However, the latest advice issued by the CAA at 0200 BST said airports in Edinburgh and north-west England could safely stay open on Wednesday, despite the proximity of the ash.

Earlier forecasts also suggested higher ash levels were drifting southwards, but the CAA says the South East of England is unlikely to be affected on Wednesday.

In a statement, the CAA said: "The situation remains changeable, so passengers expecting to travel from airports in Scotland, Northern Ireland, the North of England and north Wales should contact their airlines to check whether their flight is operating."

At just after 0700 BST, Andrew Haines, chief executive of the CAA, told the BBC the risk of closures in much of the UK was likely to recede during the day.

He said: "The weather fronts overnight suggest the wind pattern will be more due northerly, and that will mean that while southern Ireland may still continue to be affected and maybe Northern Ireland, in mainland UK the risk should be receding."

Some flights out of the Irish Republic are facing disruption, the Irish Aviation Authority said.

'Single sky'

On Tuesday, flights in and out of the Irish Republic, Northern Ireland and Scotland's Hebrides were suspended at the first sign of an increase of volcanic ash levels in the skies.

Flights over Europe were banned last month because of fears of the effect of volcanic ash on plane engines.

The decision to lift the restrictions followed safety tests that showed the engines could cope in areas of low-density ash.

The fresh disruption on Tuesday came as European Union transport ministers met in Brussels to agree measures they hoped would help prevent further disruption to air travel as a result of volcanic ash.

The steps include speeding up current plans to integrate Europe's airspace, creating a "single European regulator for a single European sky".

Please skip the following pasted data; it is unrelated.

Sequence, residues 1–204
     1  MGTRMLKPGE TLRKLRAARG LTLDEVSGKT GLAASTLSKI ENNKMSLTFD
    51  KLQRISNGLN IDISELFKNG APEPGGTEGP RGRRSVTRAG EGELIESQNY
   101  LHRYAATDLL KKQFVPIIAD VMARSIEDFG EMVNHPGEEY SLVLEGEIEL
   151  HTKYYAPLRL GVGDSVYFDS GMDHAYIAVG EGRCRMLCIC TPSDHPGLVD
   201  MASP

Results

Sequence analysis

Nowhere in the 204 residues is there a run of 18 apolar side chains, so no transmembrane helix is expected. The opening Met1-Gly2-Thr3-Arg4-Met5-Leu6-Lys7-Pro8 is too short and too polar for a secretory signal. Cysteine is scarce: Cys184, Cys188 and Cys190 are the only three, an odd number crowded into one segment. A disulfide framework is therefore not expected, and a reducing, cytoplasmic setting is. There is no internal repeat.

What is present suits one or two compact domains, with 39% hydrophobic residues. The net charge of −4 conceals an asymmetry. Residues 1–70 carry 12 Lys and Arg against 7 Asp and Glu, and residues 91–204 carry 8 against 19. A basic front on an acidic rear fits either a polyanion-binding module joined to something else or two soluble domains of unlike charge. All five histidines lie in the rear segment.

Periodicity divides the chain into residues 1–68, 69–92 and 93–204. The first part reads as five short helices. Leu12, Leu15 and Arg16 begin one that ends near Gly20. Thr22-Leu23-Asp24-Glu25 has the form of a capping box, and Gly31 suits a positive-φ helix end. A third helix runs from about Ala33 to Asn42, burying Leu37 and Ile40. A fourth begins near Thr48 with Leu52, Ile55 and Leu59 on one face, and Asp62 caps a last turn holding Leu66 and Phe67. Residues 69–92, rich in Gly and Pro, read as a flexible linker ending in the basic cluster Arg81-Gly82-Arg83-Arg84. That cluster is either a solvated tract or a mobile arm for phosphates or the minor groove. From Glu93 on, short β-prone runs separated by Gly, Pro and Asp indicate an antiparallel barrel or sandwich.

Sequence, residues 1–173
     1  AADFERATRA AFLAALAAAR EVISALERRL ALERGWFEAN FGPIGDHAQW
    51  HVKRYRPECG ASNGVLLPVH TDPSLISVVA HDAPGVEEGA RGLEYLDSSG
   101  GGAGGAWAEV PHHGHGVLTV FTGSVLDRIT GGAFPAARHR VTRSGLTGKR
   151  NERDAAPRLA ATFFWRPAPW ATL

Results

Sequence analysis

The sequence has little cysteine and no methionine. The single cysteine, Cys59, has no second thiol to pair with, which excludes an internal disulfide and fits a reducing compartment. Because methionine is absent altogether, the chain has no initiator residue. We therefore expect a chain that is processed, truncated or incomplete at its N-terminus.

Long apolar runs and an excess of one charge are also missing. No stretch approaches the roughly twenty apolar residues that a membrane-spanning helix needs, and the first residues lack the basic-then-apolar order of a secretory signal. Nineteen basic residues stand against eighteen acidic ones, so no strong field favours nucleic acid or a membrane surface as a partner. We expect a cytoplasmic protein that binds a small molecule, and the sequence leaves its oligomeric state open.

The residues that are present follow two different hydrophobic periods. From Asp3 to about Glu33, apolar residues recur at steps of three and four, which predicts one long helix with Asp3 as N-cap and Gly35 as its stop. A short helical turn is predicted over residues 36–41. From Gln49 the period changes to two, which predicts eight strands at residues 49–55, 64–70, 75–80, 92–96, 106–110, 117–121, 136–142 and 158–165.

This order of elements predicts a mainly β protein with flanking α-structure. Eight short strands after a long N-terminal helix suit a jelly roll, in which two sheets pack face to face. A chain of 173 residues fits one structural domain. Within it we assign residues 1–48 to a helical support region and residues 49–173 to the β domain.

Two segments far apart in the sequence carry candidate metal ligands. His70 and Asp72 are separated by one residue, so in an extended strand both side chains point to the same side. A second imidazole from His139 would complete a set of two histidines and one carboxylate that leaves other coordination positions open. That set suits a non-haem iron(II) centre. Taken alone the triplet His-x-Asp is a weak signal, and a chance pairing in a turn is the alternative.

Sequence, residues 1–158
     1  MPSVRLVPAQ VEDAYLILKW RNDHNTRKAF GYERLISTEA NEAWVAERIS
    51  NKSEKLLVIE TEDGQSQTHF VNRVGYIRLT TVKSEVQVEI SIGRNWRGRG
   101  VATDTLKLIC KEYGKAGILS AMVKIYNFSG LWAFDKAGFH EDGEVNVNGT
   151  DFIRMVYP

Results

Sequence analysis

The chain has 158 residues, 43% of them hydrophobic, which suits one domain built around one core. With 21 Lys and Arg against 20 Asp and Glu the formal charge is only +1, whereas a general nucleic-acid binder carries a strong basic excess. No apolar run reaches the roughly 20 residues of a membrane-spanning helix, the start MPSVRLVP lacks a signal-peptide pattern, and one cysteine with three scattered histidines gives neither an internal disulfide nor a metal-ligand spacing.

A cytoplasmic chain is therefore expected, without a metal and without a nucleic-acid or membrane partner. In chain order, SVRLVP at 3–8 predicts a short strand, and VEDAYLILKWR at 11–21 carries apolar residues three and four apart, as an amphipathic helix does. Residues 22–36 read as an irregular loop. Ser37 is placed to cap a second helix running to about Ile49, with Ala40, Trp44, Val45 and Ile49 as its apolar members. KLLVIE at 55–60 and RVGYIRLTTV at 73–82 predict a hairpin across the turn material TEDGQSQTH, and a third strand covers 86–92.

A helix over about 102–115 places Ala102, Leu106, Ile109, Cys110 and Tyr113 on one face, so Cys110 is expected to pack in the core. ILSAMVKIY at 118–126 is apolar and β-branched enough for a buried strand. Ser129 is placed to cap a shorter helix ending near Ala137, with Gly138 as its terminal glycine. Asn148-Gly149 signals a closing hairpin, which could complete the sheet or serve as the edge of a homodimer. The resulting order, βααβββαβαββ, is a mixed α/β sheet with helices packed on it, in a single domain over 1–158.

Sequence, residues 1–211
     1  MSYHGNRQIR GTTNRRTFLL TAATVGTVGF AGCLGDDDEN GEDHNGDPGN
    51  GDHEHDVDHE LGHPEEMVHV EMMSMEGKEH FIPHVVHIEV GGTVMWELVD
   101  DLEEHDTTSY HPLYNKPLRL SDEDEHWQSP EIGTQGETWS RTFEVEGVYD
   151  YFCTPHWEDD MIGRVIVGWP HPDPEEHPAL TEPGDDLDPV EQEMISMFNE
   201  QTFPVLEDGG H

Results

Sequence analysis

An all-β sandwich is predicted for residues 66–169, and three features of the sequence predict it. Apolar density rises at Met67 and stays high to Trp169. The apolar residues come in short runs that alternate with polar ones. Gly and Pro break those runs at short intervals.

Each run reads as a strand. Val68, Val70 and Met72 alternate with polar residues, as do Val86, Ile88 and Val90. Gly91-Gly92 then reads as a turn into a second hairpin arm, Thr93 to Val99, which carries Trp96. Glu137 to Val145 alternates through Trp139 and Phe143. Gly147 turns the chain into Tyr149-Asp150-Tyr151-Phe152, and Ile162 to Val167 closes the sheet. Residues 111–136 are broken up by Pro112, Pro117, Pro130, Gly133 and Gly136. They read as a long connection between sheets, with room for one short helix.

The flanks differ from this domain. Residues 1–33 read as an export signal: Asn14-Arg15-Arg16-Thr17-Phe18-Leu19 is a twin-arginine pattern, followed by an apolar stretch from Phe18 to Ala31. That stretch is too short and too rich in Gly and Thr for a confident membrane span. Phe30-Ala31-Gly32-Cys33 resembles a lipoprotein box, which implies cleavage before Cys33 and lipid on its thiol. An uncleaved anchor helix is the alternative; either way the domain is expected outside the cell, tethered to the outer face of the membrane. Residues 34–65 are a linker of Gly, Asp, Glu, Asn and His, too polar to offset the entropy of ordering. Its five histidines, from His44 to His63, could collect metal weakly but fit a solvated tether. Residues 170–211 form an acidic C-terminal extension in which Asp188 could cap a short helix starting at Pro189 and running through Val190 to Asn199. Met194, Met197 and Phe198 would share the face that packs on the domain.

The meeting came after criticism from the airline industry that governments took an over-cautious approach to the ash cloud crisis last month, grounding flights unnecessarily. 


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Monday, 3 May 2010

Flybe to offer volcanic ash insurance

Flybe, the UK’s Number One Domestic airline, has become the first airline to offer you the opportunity to buy Volcanic Ash Insurance underwritten by travel insurance partner, Chartis. 
This innovative move allows you the opportunity to book with renewed confidence as you will have cover should the UK Civil Aviation Authority or any relevant overseas equivalent close airspace and scupper your holiday plans.
For more info visit
Flybe currently flies direct to the following airports in France;



Ryanair Holdings PLC Will Compensate Air Passengers for Being Stranded by Ash Cloud

Ryanair Holdings PLC announced that it would compensate passengers for the costs of being stranded by the ash cloud. The cloud had closed airspace over most of northern and central Europe for six days.
Ryanair shared that it was prepared to go to court to challenge current European Union rules. The rules state that airlines have a "duty of care" to passengers and that the receipted expenses for costs incurred due to flight delays must be refunded, in case passengers choose to be re-routed, instead of taking their ticket refunds.

Europe's largest low-cost carrier, Ryanair Holdings announced this Thursday that it would follow the E. U. rules, but will also try to change them.

Ryanair Chief Executive Michael O'Leary said, "The events of the last seven days, under which Europe's airlines were prevented from flying by the closure of European airspace, highlight how absurd and discriminatory the regulations are towards Europe's airlines".

The duty-of-care rules for events that are outside of an airline's control should be changed, according to the airlines across Europe, who are requesting national Governments and the E. U. to help pay for the cost of the crisis.